The question is, for how long will they be able to voice their dissent?

Thursday, March 26, 2009

Alfie Patten Not the Father

The awaited DNA results for the "schoolboy father" Alfie Patten have finally been reported to the press, and it says that he's not the father after all. Alfie Patten was announced to be the father, at the age of 13, last month in a media firestorm that swept the UK. Conservatives decried the country's slipping moral standards, people expressed concern for all involved, social workers swooped in and supposedly didn't provide enough support, and some people made or stood to make a whole lot of money from courting the media and perpetuating the blitz until a wise judge put a stop to it.

Let us reflect on what made this story such a sensation after all, and the real problem with society that had a hand in creating it. Teen pregnancies are not such a rare occurrence that they inspire swarms of journalists to go out and pay handsomely for exclusives and in-depth coverage, and interviews--much less inspire the levels of corruption and exploitation that occurred in this case. Throughout this whole affair, it was the adults who acted with indiscretion, not the two youth in question. The mother of the baby, Chantelle, gave birth to a child, fathered by some young man. From this fact, the whole thing was blown out of proportion as almost every adult in the picture rushed in to capitalize on the UK's ageist reactions to this news to emotionally crushing levels. We can only hope that Alfie is able to pull through this after the devastating let down he's been forced to be dragged through.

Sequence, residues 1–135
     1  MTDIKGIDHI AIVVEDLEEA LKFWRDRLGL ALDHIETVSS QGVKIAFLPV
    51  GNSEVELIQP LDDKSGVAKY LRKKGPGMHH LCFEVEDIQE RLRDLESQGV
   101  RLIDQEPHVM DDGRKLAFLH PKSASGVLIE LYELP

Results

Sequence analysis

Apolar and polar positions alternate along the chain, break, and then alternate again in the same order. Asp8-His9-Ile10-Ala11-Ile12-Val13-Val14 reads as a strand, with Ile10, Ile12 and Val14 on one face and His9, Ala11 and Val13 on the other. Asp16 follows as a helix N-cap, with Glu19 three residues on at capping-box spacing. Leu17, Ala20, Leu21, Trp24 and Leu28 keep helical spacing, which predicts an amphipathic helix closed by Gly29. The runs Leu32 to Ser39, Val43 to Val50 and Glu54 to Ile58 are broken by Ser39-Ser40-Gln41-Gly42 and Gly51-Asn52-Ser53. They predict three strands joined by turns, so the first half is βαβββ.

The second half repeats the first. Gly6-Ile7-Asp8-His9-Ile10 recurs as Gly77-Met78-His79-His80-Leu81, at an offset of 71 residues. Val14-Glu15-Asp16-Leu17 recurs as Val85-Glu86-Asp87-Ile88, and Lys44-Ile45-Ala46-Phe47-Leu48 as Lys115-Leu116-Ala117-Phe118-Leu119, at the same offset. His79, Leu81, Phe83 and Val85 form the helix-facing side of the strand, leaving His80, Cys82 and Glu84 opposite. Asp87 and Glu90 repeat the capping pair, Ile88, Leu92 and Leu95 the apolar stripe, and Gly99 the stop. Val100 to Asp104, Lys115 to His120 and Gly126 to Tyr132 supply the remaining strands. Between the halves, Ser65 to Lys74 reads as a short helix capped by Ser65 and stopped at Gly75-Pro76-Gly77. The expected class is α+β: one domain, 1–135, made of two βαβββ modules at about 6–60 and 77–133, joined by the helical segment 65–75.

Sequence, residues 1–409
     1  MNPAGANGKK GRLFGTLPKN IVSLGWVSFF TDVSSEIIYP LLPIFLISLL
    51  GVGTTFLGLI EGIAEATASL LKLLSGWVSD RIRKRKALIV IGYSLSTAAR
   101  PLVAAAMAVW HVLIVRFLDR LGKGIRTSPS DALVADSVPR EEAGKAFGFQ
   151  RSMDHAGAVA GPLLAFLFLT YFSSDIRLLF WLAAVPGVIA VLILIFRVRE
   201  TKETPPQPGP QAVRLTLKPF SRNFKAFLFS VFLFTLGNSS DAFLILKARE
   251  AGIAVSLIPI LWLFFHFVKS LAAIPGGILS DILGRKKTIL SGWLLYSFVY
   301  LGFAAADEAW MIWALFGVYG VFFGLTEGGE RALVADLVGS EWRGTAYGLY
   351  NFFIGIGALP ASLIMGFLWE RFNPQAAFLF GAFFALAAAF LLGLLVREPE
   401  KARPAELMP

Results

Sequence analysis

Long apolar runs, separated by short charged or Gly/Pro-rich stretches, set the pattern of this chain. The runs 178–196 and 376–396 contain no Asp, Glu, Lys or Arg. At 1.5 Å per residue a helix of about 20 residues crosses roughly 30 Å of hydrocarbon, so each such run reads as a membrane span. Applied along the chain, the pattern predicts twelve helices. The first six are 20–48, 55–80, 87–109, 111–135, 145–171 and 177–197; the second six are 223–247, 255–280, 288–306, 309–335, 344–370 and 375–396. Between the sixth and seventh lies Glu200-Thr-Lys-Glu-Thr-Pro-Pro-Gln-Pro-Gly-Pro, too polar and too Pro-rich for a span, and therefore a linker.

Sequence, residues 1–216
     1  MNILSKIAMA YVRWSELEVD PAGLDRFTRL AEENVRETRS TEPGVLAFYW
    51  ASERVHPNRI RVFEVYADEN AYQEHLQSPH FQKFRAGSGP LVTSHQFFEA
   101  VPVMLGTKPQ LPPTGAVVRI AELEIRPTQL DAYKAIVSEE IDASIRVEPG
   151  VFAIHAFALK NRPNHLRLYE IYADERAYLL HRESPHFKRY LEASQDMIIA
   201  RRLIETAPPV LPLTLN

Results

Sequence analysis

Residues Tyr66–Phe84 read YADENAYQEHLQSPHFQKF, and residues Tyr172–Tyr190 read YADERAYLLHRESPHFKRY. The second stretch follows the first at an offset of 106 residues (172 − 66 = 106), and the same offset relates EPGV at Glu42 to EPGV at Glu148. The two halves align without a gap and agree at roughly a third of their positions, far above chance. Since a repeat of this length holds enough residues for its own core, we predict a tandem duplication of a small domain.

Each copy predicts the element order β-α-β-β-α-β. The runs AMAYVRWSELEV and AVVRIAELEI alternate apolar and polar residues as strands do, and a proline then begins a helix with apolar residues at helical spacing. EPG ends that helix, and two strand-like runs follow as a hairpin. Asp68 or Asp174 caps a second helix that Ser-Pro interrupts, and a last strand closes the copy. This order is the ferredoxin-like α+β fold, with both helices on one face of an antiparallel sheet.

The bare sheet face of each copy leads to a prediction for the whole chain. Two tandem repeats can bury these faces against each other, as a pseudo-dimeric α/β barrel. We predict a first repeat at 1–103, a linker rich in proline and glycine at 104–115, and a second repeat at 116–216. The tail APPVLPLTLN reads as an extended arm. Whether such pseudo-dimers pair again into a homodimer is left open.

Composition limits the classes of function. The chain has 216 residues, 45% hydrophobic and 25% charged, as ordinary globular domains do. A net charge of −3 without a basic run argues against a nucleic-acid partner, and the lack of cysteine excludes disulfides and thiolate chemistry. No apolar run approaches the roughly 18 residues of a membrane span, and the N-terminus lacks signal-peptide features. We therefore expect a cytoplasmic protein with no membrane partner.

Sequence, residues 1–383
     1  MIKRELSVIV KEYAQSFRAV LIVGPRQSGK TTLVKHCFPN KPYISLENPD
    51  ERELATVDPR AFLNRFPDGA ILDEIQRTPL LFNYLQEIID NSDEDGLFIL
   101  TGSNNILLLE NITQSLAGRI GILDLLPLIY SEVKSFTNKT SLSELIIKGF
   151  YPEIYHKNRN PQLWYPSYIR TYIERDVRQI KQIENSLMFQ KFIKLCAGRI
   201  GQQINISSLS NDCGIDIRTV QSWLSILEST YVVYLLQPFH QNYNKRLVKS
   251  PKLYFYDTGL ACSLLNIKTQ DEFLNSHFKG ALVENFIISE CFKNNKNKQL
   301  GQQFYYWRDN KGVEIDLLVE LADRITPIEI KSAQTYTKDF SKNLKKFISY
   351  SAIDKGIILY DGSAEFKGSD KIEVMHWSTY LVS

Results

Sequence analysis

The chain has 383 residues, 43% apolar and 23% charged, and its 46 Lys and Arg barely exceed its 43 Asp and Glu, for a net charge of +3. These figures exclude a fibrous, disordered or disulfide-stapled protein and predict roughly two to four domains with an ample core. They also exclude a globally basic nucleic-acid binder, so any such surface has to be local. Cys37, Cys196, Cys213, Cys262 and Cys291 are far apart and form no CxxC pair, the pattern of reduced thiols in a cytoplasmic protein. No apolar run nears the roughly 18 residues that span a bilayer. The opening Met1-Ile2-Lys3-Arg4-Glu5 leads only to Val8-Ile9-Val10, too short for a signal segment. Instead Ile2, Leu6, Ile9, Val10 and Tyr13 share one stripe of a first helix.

He's been demonized and picked on all over the world, made a symbol for all that is wrong about society, and all because his "young looks" were selected based on their ability to "sell the story" to an age-suppressed society like the UK. Furthermore, now that it is known for sure that Chantelle has not been faithful to Alfie, she'll be demonized not only for having unprotected sex, but for having sex with multiple partners. It's clear though, that none of this should of ever happened--not so much the pregnancy itself, but the media firestorm surrounding it. Teens get pregnant every day. They are biologically capable of this. The only thing this proves is that though teens may not always be ready for the social responsibilities of parenting, neither is the modern world ready for teen parents.

Let's act cordially and extend our best wishes to this now undetermined family, to Alfie, and the families involved. Let's also hope that going forward, this whole incident has taught us, as a society, a valuable lesson in respect.

Friday, March 20, 2009

Free Range Kids

In this day in age, is a child walking 1/3rd of a mile to soccer practice such an irresponsible crime?

I just had to share something from the newest addition to my list of websites helping to make the world a better place for kids. It's a blog called Free Range Kids by Leonore Skenazy, subtitled "Giving our kids the freedom we had without going nuts with worry." It is these kinds of blogs that I consider to be part of the solution, the dialogues encouraged there strike at the crucial issues facing youth in this era of raving over-protectionism with some reasoned parenting and good judgment. Good judgment isn't leashing your kids, nor is it totally abandoning them--it's knowing their limits and allowing them to work within them.